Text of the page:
“I think that having consistency on your page is key to drawing people in,” said Brouwer, whose Instagram posts are as artful as her cakes. “I try to use a solid background for all of my cake pictures, which I think helps create a more eye- catching feed.”
Williamson has more than 1,000 followers on Facebook where she promotes her business, something that amazes her. “I’ve been getting a lot of positive feedback and people are consistently saying the town really needed this and it’s really good I’m here.”
The Majkuts are just beginning, and as a family project, their daughter is in charge of social media advertising.
Thai and Denney have each brought a fun twist to their social media promotion.
“I introduced Mochi’s Bakery to people in town by posting a giveaway event, in which I gave away free cupcakes for people to try,” said Thai. I got a lot of welcome from people in town and started taking some orders. The first custom cake I made for a customer in town was a Finding Nemo cake. The customer was so happy that she shared the cake online and I got more orders.”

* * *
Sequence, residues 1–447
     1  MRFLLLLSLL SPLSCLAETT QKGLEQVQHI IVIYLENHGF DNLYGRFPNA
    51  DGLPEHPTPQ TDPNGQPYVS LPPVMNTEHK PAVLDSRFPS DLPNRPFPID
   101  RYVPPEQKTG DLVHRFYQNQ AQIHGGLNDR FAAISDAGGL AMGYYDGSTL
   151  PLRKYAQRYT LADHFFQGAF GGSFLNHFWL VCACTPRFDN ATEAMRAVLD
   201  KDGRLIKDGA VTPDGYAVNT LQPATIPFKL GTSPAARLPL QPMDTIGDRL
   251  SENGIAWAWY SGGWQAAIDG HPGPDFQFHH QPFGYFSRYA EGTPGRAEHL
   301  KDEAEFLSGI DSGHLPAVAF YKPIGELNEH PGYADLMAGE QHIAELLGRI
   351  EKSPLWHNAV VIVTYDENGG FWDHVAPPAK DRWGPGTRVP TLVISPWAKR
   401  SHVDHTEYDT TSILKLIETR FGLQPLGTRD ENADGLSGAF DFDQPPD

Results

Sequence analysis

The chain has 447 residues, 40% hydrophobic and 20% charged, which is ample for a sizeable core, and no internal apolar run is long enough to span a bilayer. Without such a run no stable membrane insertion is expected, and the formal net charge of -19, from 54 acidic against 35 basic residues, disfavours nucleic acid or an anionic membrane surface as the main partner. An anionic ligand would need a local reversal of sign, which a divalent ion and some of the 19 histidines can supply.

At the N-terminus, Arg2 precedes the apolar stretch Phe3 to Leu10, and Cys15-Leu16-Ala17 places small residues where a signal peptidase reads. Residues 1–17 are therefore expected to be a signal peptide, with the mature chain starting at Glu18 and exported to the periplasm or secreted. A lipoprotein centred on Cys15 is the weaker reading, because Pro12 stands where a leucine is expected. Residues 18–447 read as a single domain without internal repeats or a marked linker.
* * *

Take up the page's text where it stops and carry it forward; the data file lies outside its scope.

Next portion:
Denney went out to businesses, doing a fundraiser for the Kawartha Lakes Food Source. She created a game called The Lindsay Logo Challenge for the businesses for the fundraiser, where she would ice a cookie with the logo of the business on it, then bring them the same materials she used to see if they could imitate her and ice a cookie the same way.
Over 70 businesses managed to be on board and she was able to raise almost $200 for Kawartha Lakes Food Source. “I got the community engaged in a different way, and that’s how I made a lot of my initial connections.”